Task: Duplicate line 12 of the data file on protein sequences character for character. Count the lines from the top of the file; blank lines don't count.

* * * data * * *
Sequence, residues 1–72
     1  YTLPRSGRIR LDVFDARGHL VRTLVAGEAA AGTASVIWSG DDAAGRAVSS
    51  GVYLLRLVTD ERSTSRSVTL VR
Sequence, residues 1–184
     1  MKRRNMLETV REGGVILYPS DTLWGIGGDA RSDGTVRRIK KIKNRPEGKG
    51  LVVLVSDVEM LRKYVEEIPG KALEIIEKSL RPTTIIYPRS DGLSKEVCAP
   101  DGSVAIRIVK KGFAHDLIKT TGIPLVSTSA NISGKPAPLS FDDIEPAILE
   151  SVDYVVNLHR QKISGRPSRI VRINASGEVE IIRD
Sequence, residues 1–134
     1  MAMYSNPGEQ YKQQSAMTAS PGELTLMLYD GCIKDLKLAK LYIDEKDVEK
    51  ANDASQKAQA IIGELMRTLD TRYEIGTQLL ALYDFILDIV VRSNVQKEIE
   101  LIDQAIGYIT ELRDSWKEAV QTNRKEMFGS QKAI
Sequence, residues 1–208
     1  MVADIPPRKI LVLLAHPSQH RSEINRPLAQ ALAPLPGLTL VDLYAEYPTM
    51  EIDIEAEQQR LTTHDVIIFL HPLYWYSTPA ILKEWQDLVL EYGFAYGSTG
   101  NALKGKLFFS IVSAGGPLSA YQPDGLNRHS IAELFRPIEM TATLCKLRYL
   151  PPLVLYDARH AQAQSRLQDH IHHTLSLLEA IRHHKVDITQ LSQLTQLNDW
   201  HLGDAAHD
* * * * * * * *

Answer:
   101  LIDQAIGYIT ELRDSWKEAV QTNRKEMFGS QKAI